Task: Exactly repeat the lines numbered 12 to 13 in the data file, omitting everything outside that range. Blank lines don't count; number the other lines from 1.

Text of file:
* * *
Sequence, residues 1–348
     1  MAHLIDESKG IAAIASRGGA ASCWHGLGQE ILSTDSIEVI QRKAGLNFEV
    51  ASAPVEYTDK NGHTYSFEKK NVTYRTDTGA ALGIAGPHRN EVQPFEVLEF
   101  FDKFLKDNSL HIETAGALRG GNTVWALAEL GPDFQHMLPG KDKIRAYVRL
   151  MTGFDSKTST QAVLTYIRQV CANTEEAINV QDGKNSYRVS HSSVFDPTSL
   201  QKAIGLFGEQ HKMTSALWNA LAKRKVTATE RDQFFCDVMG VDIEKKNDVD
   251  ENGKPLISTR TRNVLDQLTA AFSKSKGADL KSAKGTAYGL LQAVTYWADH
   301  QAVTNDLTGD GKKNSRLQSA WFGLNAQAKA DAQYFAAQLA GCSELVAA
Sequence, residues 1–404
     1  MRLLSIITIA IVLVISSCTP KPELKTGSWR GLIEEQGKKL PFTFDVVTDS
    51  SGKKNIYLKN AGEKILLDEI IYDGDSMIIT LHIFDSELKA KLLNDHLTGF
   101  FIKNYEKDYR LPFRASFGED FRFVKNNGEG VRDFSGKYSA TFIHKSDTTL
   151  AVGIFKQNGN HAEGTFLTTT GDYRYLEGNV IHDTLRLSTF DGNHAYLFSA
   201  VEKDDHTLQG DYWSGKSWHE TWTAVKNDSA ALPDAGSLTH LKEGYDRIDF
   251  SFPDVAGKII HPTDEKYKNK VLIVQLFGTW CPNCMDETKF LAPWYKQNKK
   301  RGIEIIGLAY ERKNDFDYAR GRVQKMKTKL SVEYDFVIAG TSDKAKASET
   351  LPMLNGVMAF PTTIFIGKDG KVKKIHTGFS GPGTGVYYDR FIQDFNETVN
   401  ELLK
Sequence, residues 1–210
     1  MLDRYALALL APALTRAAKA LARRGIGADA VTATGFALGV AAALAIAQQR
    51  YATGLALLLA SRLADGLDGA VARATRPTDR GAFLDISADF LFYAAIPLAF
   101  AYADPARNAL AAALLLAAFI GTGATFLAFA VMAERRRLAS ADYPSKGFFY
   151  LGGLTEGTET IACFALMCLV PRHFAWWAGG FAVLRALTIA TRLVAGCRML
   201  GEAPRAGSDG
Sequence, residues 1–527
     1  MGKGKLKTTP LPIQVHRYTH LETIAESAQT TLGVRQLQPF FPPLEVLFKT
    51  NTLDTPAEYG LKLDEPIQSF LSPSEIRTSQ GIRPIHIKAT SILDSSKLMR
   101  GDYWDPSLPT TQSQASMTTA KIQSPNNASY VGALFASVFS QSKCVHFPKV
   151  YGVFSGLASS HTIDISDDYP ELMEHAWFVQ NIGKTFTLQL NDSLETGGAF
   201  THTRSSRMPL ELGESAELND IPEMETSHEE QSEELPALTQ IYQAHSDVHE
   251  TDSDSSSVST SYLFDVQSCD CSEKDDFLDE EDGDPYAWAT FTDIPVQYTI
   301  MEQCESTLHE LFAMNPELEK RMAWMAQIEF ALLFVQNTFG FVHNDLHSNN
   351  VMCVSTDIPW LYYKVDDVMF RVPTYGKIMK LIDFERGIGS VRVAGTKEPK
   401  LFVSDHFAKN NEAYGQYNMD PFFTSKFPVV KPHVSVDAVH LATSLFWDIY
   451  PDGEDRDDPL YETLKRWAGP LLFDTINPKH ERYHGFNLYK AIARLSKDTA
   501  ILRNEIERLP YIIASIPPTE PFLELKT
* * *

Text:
   101  FIKNYEKDYR LPFRASFGED FRFVKNNGEG VRDFSGKYSA TFIHKSDTTL
   151  AVGIFKQNGN HAEGTFLTTT GDYRYLEGNV IHDTLRLSTF DGNHAYLFSA